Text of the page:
Speaking into truth & reconciliation, how would you apply Jesus’ words, “If your hand causes you to sin, cut it off”??

Last week I posted some thoughts on truth and reconciliation on Canada’s National Day for Truth and Reconciliation. My thoughts centered around Mark‬ ‭9:42-50‬ ‭GW‬‬, and how these verses about protecting children’s faith is in the context of the verses that talk about dealing with sin our lives. If your hand cause you to sin cut it off. If your foot causes you to sin cut it off. If your eye causes you to sin pluck it out. I realize that the sins of the hand, the foot, and the eye are central to the legacy of the abuse suffered through Indian Residential Schools.

Krystal Wawrzyniak, one of my colleagues at BGC Canada and currently seconded to Indian Life Ministries, asked, “I’m curious about your thoughts surrounding the application of ‘if your hand causes you to sin, cut it off,’ or the foot or eye. Speaking into truth and reconciliation, how would you apply this??” I did respond to Krystal on Facebook but thought it might be a good idea to flesh out some of my ideas in another blog post.

First off I need to say that the best approach is to listen because it’s only through listening to Others’ stories that we can both understand them and see the things that need to be changed in ourselves.

It’s also important to examine ourselves to see if we can find areas that need change. This happens through reflection and through listening. I think that because few of us were directly involved in the Indian Residential School system (the last school closed in 1996) we can’t simply call for repentance on a personal level. The areas where change needs to happen (ie. the parts that need to get cut off) are the systems and structures that still exist in our society — including our churches and theology — that are a part of the framework that led to Indian Residential Schools. These need to be excised from our identity as both Christians and Canadians.

On the national level this might include how the doctrine of discovery and the Treaty of Tordesillas — which blended religious and commercial interests — continues to impact Canadian institutions such as the Indian act, unclean water on First Nations, and unequal access to health care. Other issues include how the Missing and Murdered Indigenous Women and Girls and the Overrepresentation of Indigenous People in the Canadian Criminal Justice System reveal problems with the justice system.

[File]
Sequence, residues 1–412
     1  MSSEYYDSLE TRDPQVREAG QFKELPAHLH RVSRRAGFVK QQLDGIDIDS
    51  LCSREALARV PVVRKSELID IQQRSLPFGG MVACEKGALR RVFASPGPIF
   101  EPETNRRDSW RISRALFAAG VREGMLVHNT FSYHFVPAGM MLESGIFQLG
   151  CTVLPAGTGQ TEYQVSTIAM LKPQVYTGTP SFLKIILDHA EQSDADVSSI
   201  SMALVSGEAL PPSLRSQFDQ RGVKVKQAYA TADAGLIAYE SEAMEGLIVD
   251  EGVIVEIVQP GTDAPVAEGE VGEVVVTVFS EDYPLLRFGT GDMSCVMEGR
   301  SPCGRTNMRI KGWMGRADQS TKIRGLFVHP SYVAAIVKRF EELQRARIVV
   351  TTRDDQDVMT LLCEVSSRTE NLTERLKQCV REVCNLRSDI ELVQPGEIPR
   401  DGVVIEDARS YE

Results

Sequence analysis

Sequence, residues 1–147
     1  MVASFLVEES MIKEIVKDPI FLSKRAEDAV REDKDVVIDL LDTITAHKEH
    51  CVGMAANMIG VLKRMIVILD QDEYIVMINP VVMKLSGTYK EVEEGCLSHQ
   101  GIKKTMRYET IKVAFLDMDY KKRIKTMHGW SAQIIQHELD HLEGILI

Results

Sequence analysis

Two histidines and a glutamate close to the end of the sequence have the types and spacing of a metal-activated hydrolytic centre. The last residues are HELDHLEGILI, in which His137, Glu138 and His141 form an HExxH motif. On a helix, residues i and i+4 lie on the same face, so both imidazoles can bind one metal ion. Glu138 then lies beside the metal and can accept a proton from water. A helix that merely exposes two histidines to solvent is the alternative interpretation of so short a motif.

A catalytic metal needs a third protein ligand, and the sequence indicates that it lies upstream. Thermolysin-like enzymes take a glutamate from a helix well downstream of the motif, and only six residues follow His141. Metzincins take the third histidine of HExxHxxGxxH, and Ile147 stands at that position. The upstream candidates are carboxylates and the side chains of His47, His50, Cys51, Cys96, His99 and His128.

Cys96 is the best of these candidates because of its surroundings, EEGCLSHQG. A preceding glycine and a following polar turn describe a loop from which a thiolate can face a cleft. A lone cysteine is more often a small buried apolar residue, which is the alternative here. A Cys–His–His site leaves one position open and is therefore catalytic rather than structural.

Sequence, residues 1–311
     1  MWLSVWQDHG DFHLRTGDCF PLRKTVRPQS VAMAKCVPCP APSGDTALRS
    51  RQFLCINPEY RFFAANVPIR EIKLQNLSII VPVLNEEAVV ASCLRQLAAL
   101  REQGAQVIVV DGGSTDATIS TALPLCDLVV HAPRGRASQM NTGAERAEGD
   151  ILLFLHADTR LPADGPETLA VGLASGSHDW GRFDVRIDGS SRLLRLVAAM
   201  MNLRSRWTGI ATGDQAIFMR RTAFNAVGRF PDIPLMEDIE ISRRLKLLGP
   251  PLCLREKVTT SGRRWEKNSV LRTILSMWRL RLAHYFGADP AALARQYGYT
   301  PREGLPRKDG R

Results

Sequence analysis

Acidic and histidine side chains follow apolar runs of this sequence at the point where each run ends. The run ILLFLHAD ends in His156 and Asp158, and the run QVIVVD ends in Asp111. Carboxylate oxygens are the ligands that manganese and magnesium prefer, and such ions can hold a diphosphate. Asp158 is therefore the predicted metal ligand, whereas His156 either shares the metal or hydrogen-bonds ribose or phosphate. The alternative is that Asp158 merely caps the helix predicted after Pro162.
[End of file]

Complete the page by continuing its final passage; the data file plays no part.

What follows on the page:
On the theological level we need to revisit our understanding of God’s prevenient grace, get rid of our theological superiority that prioritises theologies from the Global North over and above those of the Global South, and read the Bible through the eyes of the Other. Jose de Mesa’s hermeneutics of appreciation is a good starting point for this and will teach us how to listen.

Ka Jose de Mesa (1946-2021) was a Filipino lay theologian who worked for many years on issues surrounding contextualisation and theology. In his Mga aral sa daan: Dulog at paraang kultural sa Kristolohiya he develops a hermeneutics of appreciation as a way to correct errors he saw in how the church crossed cultures.

The “Hermeneutics of appreciation” is presented as a series of attitudes that serve as guides for those engaging in cross-cultural interactions. How can we apply them to the Indian Residential School issue?

Attitude #1: Presume the cultural element or aspect under consideration to be positive (at least in intent) until proven otherwise. Indian Residential Schools were designed to do the exact opposite of this — to remove all traces of “Indian” from the children who were forced to attend. There is certainly nothing positive about this. A better approach would be to recognise that the Kingdom of God consists of people from “every nation, tribe, people, and language” and that includes First Nations and Metis peoples.